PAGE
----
News, Nuggets & Longreads 8 October 2016: Pumpkins, Kernza, Green Hops

Here’s everything that’s grabbed our attention in the last week, from overlooked breweries to book reviews.

‘Why is it always the same old breweries that always get written about?’ goes the grumble. Well, this week, Phil from Oh Good Ale has answered the call with a piece considering TicketyBrew of Stalybridge, Greater Manchester:

So: if the beer’s that good, what’s standing between Ticketybrew and the big time? Why aren’t we hearing their name bandied about alongside Blackjack and RedWillow, or Cloudwater at a pinch? Why, not to put too fine a point on it, aren’t they hip? There are three reasons, I think.

(And let’s not pussyfoot about here: what’s stopping you profiling or interviewing one of those breweries that gets ignored?)


Pumpkin beer c.2008.

For Total Ales (Matt Curtis’s website) Claire M. Bullen attempts to summarise the history of pumpkin beers and of the controversy that surrounds them:

What do pumpkin products signal? For many, they demonstrate unsophisticated taste, girlishness, the opposite of connoisseurship. And, as with white wine, fruity cocktails, and other drinks that are still classed as ‘girly drinks,’ they’re profoundly uncool for men to consume (this notably doesn’t work in reverse; women are often lauded for consuming historically male-gendered products, like whisky and hoppy beers).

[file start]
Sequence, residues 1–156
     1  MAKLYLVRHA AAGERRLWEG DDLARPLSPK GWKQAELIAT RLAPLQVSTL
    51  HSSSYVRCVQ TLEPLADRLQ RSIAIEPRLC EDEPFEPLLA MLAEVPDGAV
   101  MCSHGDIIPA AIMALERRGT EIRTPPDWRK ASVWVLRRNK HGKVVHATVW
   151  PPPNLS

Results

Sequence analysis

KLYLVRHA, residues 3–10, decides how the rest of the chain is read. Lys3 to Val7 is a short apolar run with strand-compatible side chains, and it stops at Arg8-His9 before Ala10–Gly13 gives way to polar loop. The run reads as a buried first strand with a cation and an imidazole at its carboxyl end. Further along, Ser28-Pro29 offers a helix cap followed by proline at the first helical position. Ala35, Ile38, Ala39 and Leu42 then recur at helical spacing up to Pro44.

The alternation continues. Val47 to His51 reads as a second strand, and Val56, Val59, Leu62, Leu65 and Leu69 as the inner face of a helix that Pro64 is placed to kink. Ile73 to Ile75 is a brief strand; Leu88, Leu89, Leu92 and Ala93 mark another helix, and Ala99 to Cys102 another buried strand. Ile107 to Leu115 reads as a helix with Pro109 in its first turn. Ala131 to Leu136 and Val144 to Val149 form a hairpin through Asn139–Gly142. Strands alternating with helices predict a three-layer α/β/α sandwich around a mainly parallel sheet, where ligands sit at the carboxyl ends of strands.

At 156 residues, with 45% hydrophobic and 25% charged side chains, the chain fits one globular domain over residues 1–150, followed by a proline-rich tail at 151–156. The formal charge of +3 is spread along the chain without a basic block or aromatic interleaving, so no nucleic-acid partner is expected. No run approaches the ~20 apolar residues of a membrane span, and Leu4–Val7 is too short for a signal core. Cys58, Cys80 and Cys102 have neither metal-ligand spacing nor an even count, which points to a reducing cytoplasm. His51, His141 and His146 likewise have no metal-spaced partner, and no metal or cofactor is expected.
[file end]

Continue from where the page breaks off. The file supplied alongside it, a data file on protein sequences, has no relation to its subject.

Continue reading “News, Nuggets & Longreads 8 October 2016: Pumpkins, Kernza, Green Hops”

Pumpkin ales

Post Road Pumpkin Ale
Post Road Pumpkin Ale

From reading US beer blogs, I get the impression that pumpkin beers are quite big over there. Apparently, the early Colonists turned to pumpkins to bulk out the barley, or something like that. At any rate, they’re a novelty over here.

We picked up Post Road Pumpkin Ale at Beer Exposed. It’s in the Brooklyn Brewery’s line of historic ales, so it’s branded a little differently. The overwhelming smell was spices (cinnamon and nutmeg at a guess). Unfortunately, what was a lovely smell translated into a rather unbalanced beer — really quite acrid from all the spice, with a thin body.

So we weren’t expecting a lot from Hall & Woodhouse’s seasonal Pumpkin Ale. We’re not massive fans of the Badger brewery products, particularly their “flavoured” beers, and particularly when they’re not fresh. This one had been sitting in our stash for around nine months, so the omens weren’t good. Well, that just goes to show how wrong you can be, as this is a lovely beer. Interestingly, it smelled of bananas, and the flavour was a bit like a less sickly, slightly spicier weissbier but with an ale-like mouthfeel and condition. And it was in excellent condition too, despite filtering, pasteurisation and our idiosyncratic cellaring methods. At 4.6%, it’s a bit weaker than the Brooklyn effort, but had a great rocky, long-lasting head. Excellent stuff, highly recommended.

Boak